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Obama school speech suddenly a prickly topic for educators

By Matthew Shaer / September 3, 2009

Secretary of Education Arne Duncan looks on as President Barack Obama speaks at the Department of Education in Washington on July 24. Conservatives have reacted angrily to news that Obama will give an address to students on Sept. 8.

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Update: White House says resistance to speech is just plain 'silly.'

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And the Great School Speech Debate of 2009 roils onwards.

As we noted yesterday, President Barack Obama is slated to give an address to the nation's school children on Sept. 8. According to Secretary of Education Arne Duncan, the speech will "call for a shared responsibility and commitment on the part of students, parents and educators to ensure that every child in every school receives the best education possible so they can compete in the global economy for good jobs and live rewarding and productive lives as American citizens."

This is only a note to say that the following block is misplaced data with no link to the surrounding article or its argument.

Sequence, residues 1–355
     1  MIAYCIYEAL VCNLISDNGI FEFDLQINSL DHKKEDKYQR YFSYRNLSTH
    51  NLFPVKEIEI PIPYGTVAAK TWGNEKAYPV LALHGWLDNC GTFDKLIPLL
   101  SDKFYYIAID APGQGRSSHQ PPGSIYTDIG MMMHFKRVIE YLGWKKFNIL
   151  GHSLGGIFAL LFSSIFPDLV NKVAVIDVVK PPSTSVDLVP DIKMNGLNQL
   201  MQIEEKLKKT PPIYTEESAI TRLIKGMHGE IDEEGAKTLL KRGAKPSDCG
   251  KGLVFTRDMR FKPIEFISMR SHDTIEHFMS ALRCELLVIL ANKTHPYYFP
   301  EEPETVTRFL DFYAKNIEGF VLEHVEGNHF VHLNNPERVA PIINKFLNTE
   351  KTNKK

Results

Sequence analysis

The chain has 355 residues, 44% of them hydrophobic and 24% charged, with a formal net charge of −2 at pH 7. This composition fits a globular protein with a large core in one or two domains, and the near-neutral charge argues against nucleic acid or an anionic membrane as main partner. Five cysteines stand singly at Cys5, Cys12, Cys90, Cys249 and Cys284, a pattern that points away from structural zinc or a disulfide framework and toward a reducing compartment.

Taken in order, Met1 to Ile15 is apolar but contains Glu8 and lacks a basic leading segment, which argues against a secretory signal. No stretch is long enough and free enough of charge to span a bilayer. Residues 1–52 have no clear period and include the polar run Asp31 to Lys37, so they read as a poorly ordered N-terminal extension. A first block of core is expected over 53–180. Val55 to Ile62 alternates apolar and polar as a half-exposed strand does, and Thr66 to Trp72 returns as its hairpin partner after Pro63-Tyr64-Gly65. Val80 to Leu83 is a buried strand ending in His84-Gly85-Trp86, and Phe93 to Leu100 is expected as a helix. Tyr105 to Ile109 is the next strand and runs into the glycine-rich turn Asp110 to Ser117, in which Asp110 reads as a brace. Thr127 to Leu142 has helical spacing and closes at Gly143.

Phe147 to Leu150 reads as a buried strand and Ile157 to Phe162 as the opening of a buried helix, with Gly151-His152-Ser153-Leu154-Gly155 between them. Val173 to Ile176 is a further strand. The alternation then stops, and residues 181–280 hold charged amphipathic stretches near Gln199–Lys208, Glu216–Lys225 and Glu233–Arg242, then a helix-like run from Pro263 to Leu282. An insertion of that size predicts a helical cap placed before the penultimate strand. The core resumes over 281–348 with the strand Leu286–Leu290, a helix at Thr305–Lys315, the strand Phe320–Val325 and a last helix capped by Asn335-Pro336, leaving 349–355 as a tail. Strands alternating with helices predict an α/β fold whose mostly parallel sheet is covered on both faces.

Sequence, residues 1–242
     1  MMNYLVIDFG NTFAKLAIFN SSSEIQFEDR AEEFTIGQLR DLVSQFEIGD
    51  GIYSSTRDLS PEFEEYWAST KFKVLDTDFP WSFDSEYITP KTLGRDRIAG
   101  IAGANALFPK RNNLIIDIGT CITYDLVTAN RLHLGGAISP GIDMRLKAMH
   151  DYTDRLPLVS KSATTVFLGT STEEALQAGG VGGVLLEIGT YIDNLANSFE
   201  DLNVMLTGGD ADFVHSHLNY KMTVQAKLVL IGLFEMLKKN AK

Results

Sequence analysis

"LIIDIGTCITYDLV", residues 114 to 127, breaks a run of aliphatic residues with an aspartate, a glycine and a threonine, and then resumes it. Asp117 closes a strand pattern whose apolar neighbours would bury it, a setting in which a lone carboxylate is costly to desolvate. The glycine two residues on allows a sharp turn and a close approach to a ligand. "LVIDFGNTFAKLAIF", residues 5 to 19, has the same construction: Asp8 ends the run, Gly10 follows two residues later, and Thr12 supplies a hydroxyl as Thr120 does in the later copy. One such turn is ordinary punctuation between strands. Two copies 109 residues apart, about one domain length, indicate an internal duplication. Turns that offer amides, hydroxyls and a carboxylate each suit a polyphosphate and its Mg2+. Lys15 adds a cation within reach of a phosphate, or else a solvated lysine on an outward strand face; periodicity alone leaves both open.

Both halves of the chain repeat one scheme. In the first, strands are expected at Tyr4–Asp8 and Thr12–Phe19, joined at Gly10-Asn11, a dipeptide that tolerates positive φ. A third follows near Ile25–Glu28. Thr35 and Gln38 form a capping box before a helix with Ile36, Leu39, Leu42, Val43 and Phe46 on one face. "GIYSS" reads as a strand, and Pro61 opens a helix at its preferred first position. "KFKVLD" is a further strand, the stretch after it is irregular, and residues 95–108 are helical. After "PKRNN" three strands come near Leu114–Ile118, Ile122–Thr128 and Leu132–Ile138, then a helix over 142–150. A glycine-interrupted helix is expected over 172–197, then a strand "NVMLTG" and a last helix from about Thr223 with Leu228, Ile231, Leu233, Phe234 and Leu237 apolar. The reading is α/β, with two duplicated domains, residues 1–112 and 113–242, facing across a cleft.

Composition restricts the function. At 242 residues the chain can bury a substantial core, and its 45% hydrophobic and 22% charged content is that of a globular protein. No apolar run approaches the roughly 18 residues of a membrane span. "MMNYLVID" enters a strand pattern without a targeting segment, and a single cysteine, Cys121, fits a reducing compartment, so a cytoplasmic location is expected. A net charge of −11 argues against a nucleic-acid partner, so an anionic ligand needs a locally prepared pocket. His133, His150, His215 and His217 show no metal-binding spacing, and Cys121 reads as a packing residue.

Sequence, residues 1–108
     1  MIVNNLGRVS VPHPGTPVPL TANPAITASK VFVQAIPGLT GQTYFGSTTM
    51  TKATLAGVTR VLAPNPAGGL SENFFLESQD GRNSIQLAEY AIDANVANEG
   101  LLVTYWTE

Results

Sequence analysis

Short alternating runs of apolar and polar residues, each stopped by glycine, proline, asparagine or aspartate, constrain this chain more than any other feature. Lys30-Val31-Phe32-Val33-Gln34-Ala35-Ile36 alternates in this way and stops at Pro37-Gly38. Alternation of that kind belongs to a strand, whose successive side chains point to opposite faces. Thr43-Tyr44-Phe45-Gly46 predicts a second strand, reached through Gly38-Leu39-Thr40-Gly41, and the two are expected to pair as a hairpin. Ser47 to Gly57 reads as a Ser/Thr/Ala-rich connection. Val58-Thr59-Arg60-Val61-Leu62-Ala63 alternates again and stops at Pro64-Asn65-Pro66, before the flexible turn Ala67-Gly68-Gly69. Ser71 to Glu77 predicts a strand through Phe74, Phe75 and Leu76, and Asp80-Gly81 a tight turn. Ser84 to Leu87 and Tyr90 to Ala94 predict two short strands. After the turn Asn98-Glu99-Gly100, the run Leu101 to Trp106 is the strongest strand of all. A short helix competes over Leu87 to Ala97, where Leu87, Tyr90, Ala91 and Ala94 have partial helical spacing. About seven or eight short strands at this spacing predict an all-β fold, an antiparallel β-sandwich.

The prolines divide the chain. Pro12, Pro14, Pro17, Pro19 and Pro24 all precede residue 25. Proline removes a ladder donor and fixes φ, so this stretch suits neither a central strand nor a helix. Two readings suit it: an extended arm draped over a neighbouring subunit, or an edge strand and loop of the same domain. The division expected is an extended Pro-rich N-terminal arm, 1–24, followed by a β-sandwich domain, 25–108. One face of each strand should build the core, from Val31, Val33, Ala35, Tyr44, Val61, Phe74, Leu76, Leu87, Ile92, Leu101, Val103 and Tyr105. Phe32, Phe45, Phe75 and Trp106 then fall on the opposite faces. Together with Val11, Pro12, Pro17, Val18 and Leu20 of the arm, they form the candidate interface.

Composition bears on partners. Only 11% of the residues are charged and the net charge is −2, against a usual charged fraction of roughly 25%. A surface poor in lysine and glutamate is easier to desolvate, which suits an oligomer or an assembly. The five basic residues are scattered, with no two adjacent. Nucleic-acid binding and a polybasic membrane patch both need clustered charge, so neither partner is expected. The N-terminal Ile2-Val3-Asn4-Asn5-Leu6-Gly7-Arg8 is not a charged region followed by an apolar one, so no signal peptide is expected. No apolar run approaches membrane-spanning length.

The address will be streamed live on the White House's website, and the Department of Education has distributed lesson plans to help stimulate debate in the classroom. But many conservatives claim that Obama is attempting to "indoctrinate" the nation. Here's commentator Michelle Malkin writing on her website:

Schools have used students as little lobbyists on everything from illegal immigration to gay marriage to anti-war activism, and most recently, [c]ensus collection. Will Obama be able to resist issuing a call to youth arms to marshal help in passing his legislative agenda?

Of course, Obama is hardly the first president to speak directly to school children. In October 2001, George W. Bush urged kids to donate a dollar to America's Fund for Afghan Children. And in 1991, George H.W. Bush was criticized by Democrats for conducting a teleconference with students on the topic of math and science. (Hat tip to MSNBC's First Read and Michael Roberts of Westword.)

Yesterday, a White House spokesman said that there was nothing subversive about the upcoming Obama speech.

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